SAA also said it would send a formal notification to Seabury, but the airline would “exercise and reserve its legal and contractual rights in so far as this contravention amounts to a breach of terms and conditions of its contract with the consultant”.

In response to The Citizen inquiry, SAA spokesperson Tlali Tlali said they were not aware of any member of the Seabury team who was deported by home affairs in 2008 or recently for non-compliance.

Asked how many Seabury workers were stationed at OR Tambo, Tlali said, “Seabury operates in accordance with its own business model on assignments it undertakes. As such, SAA neither controls the allocation nor movement of resources during the assignment.”

Tlali added: “When we became aware that a number of Seabury consultants seconded to SAA were not in full compliance with South African immigration laws in that some were not in possession of required short work authorisation permits, SAA demanded from Seabury to comply with immediate effect. The airline, however, continued with the services offered by the consultants, albeit with a smaller team whilst the outstanding compliance issues received attention. Those issues were subsequently resolved.”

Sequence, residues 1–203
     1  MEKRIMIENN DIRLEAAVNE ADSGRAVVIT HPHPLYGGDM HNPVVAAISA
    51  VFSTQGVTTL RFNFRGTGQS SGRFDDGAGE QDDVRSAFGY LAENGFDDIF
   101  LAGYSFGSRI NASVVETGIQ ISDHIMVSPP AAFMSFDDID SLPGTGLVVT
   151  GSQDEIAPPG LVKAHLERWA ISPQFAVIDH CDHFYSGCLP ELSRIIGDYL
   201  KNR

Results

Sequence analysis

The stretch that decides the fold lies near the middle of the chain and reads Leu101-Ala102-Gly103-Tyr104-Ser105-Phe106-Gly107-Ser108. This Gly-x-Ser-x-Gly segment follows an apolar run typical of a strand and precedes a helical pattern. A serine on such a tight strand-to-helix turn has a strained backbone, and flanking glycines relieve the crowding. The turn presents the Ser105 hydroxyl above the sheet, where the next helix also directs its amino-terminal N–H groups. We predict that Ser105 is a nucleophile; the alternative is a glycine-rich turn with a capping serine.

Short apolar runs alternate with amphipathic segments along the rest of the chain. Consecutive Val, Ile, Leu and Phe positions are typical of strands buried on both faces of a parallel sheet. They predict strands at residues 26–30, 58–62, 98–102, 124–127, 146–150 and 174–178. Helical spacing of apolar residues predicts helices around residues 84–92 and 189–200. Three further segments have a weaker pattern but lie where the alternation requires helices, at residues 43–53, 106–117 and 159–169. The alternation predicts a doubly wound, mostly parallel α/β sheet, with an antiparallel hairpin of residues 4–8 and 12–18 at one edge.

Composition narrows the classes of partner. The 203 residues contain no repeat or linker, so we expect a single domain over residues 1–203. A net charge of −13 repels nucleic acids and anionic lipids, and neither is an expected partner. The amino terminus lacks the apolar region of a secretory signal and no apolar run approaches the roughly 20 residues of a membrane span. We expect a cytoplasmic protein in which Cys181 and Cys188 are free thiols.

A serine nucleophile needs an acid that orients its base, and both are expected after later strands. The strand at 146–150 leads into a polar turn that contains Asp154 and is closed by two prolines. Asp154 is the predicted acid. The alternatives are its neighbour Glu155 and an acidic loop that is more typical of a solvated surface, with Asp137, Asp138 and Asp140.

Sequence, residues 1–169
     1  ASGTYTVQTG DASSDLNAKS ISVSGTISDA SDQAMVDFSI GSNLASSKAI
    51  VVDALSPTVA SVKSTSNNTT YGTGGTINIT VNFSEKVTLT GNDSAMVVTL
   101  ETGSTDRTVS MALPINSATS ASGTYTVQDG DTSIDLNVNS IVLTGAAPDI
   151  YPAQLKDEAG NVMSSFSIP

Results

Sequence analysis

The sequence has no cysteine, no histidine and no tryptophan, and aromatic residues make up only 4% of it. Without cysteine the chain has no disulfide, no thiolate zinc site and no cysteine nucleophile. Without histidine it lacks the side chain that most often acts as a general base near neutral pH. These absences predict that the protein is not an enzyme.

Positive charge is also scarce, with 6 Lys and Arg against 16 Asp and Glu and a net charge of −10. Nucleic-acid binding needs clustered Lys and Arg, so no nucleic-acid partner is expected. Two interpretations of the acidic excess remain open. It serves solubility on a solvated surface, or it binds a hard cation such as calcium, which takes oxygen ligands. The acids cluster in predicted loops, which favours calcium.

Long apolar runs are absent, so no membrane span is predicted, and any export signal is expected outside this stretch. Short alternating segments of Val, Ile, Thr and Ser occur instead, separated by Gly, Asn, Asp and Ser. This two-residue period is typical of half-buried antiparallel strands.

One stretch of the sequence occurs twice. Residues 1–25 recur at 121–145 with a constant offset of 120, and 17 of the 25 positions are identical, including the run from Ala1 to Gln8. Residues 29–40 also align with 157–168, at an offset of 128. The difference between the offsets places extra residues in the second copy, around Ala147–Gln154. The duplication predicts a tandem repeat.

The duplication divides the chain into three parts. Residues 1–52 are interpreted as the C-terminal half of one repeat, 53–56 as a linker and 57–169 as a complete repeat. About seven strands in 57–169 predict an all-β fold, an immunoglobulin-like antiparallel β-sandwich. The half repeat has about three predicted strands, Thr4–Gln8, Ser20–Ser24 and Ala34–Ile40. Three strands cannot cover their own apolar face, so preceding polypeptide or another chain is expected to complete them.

The Citizen also presented SAA and Seabury with the names of the employees who are accused of working without proper documents, requesting them to confirm, but they did not.

However, Tlali said: “I don’t speak on behalf of Seabury. I am aware you have sent questions to them. We do not speak on behalf of any service providers.”

Later, Seabury told The Citizen that all their workers had valid permits or South African citizenship.

Tlali said Seabury was contracted for an all-inclusive total amount of $4.5 million and alleged the airline was not responsible for any other costs related to this project. He said the contract was from January and ended in June.